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Compromised iCloud password leads to nightmare (updated)

Hacked iCloud password leads to nightmare

Updated. Former Gizmodo writer & current Wired Gadget Lab staffer Mat Honan is having a pretty bad day. As you can read on his Tumblr post (not to mention elsewhere), hackers compromised his iCloud account. They used that access to reset his iCloud password, reset his Gmail password, gain control of his Twitter account (which in turn gave them access to Gizmodo's Twitter feed and 400K followers) and generally wreak mayhem.

Unfortunately, Honan's iCloud account was tied to his iPhone and iPad, which both had Find my iPhone/iPad turned on. In the attackers' hands, the FMI utility was turned against Honan and both devices were remotely wiped. It got worse: his MacBook Air had Find My Mac enabled, which meant the hackers could erase his SSD... and they did.

Honan's iCloud password was unique to that service, but it was also only seven characters long and hadn't been changed in years. [This turns out not to be a key to the puzzle, see update #2 below.] Given the many points of exposure when iCloud accounts are compromised -- and the potential risk of serious consequences if remote wipe utilities like Find My Mac are controlled by malicious actors -- we recommend using a memorable but strong password for iCloud. (Strong and unique passwords are a good idea in general, but while Google's accounts have options for two-factor authentication with SMS or the Google Authenticator app, iCloud doesn't.)

[Honan was targeted by a hacker group that had previously gone after high-profile Twitter users, which is an unlikely scenario for most of us. However, the risks of an unintended or malicious data wipe if you lose control of your iCloud password are real whether you're an Internet celebrity or not. –Ed.]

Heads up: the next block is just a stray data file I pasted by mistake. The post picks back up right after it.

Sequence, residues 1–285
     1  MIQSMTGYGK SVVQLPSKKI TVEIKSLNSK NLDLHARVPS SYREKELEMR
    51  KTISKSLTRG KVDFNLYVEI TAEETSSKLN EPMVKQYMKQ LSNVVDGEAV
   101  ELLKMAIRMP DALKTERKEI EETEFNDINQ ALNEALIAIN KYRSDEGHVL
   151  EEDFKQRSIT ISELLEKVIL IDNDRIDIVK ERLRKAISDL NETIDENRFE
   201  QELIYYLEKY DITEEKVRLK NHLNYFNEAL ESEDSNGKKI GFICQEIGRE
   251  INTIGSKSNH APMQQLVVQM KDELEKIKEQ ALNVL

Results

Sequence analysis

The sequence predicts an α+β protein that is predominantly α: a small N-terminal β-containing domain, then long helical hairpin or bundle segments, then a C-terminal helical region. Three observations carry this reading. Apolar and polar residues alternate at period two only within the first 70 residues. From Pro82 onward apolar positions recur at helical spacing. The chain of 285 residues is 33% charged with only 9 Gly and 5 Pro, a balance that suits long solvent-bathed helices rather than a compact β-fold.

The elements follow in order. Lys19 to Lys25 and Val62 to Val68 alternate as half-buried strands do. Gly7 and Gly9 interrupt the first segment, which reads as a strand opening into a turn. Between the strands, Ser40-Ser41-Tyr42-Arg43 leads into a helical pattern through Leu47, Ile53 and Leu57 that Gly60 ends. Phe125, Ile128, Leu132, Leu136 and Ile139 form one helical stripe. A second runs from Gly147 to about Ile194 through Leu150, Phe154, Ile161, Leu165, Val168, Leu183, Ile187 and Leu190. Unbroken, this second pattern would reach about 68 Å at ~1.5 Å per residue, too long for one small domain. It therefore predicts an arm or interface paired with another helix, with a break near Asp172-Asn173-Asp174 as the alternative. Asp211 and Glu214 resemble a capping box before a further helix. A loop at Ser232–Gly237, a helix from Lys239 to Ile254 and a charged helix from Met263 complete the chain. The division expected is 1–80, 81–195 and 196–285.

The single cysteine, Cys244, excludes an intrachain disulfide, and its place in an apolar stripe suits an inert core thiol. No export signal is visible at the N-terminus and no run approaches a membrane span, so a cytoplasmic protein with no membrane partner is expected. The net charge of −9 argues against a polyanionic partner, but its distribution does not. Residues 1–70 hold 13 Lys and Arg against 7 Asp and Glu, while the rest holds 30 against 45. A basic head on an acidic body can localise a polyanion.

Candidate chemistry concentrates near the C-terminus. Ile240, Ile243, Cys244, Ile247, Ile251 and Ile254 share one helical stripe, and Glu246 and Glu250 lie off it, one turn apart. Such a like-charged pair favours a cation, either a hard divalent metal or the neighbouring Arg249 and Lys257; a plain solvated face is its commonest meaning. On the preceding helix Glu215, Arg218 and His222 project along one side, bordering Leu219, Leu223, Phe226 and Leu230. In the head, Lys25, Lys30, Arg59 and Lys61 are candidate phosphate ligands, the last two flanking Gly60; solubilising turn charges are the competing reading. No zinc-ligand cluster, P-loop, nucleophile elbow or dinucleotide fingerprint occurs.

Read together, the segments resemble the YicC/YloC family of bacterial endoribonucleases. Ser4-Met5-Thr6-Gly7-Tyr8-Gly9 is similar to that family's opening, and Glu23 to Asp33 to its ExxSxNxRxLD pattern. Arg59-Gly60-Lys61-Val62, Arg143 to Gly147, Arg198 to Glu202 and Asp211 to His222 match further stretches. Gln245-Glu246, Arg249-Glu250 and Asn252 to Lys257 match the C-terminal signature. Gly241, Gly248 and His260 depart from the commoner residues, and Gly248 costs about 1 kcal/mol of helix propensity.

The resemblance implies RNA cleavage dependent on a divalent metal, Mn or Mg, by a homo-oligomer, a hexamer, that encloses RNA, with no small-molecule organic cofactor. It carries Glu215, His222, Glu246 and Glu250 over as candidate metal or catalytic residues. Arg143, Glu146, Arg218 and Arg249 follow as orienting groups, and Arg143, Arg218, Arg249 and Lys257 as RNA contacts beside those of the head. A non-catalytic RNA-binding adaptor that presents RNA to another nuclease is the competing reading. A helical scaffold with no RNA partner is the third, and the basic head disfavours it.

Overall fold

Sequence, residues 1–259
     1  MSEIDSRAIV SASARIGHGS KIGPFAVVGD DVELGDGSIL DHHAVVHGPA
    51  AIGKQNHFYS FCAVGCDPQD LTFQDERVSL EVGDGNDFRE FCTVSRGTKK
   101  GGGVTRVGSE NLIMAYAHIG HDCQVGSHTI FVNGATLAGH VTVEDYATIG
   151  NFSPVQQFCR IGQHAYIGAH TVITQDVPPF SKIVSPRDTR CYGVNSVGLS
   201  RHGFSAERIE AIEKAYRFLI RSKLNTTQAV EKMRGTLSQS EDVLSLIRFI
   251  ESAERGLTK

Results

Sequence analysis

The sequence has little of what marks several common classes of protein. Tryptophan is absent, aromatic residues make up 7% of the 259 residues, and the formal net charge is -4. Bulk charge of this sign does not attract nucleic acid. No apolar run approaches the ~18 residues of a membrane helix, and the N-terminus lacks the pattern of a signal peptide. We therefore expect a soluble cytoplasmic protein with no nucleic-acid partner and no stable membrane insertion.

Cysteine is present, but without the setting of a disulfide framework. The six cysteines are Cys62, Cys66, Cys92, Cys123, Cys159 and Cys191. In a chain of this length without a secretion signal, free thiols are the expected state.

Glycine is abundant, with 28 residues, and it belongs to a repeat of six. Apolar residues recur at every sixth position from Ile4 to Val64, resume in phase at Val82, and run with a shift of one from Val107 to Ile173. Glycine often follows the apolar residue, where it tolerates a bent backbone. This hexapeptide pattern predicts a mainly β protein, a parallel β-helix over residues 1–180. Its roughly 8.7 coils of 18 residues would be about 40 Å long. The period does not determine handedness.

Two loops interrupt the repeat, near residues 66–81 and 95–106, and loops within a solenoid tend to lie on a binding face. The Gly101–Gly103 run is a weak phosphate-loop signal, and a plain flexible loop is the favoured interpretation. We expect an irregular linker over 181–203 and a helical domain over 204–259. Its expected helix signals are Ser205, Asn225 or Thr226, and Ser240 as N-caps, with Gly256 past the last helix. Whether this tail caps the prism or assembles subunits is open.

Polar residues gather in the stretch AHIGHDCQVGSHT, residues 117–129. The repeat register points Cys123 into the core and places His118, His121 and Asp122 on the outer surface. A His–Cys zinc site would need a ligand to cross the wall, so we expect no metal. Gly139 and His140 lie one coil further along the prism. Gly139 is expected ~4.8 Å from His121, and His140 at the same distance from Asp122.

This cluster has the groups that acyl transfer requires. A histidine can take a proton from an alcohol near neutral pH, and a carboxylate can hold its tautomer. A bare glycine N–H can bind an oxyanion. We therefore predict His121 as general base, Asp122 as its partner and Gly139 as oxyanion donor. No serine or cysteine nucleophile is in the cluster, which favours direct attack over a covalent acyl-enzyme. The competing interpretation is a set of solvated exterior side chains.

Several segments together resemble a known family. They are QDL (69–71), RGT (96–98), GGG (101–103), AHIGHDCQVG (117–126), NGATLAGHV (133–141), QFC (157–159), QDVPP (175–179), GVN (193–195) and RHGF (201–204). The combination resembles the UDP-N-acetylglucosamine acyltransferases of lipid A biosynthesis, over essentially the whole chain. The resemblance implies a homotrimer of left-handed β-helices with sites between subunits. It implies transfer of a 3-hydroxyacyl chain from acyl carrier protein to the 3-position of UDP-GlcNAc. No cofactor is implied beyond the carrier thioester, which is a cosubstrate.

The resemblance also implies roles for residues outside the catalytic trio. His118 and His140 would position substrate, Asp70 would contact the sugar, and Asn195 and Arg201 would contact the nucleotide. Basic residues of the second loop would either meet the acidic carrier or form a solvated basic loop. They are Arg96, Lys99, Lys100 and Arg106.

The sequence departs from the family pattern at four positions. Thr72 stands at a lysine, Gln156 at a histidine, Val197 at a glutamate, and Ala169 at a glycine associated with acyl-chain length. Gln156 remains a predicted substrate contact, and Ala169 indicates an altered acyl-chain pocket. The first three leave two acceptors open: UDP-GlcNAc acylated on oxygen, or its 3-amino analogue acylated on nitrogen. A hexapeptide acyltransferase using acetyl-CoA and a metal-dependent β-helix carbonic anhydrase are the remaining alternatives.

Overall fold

The easiest way to come up with a strong password is to use a tool such as Diceware, but as our Twitter followers point out you do need to be able to enter your iCloud password quickly and easily on iOS devices if you plan to install or update App Store apps. It's not always simple to balance security and convenience, but it's important to consider the risks before you go with an easy-to-crack password.

Unfortunately there's no easy way to segregate the Find My Mac feature from the other Mac iCloud features like Photo Stream, Documents in the Cloud and Back to My Mac; if there was, you could have a 'shadow' iCloud account used only for that, with no email or App Store exposure at all. You can, however, set up separate iCloud accounts for email, calendars and contacts and/or App Store purchases -- but that rapidly defeats the "all your data, anywhere" advantages of iCloud in the first place.

A toggle switch to disable Find My Mac's remote wipe capability could also it a little more consumer-friendly, with a separate PIN code to turn the feature off or on; alternatively, with FileVault 2 Apple could replace the drive wipe with an encryption/lock pass to prevent thieves from accessing the data. But the odds of encountering a determined hacker clan set on wiping your computer remotely are arguably far lower than those of losing your MacBook to carelessness or theft; good backup strategy plus Find My Mac is a better choice for the latter risk.

Our sympathies to Mat; we wish him luck in recovering his data and piecing his digital life back together.

Update: Mat reports that he is working with Google to restore his account access (and, since his phone was linked to his Google Voice number, his ability to receive and send text messages) and has a Genius Bar appointment today to review his options for data recovery on his MacBook Air.

Update 2: Mat has determined that the hackers did not brute-force his password or cobble together answers to his security questions; they apparently did some clever social engineering on Apple's support reps and managed to wrangle a password reset without those answers. Mat told his story on TWIT Sunday and will detail all the machinations in a story for Wired that comes out on Monday. He has contacted Apple corporate and PR to give them an opportunity to address the policy issues brought to light by this incident.

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